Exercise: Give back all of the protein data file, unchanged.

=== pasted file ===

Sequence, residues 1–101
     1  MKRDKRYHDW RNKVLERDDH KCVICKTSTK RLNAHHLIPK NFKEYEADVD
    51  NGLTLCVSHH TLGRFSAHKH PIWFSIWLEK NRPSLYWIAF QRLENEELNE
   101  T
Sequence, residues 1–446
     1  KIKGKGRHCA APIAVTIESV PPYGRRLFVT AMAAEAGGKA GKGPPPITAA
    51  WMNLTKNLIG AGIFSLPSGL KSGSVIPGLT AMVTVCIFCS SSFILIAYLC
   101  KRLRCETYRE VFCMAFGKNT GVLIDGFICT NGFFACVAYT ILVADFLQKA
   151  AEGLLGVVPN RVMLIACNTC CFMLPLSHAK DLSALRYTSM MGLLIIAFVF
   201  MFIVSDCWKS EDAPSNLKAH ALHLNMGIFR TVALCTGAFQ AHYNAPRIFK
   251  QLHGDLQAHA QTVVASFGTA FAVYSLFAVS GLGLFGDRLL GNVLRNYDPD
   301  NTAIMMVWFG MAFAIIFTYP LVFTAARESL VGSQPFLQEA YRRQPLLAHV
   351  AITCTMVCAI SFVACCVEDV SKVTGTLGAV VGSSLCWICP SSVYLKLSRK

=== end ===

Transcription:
Sequence, residues 1–101
     1  MKRDKRYHDW RNKVLERDDH KCVICKTSTK RLNAHHLIPK NFKEYEADVD
    51  NGLTLCVSHH TLGRFSAHKH PIWFSIWLEK NRPSLYWIAF QRLENEELNE
   101  T
Sequence, residues 1–446
     1  KIKGKGRHCA APIAVTIESV PPYGRRLFVT AMAAEAGGKA GKGPPPITAA
    51  WMNLTKNLIG AGIFSLPSGL KSGSVIPGLT AMVTVCIFCS SSFILIAYLC
   101  KRLRCETYRE VFCMAFGKNT GVLIDGFICT NGFFACVAYT ILVADFLQKA
   151  AEGLLGVVPN RVMLIACNTC CFMLPLSHAK DLSALRYTSM MGLLIIAFVF
   201  MFIVSDCWKS EDAPSNLKAH ALHLNMGIFR TVALCTGAFQ AHYNAPRIFK
   251  QLHGDLQAHA QTVVASFGTA FAVYSLFAVS GLGLFGDRLL GNVLRNYDPD
   301  NTAIMMVWFG MAFAIIFTYP LVFTAARESL VGSQPFLQEA YRRQPLLAHV
   351  AITCTMVCAI SFVACCVEDV SKVTGTLGAV VGSSLCWICP SSVYLKLSRK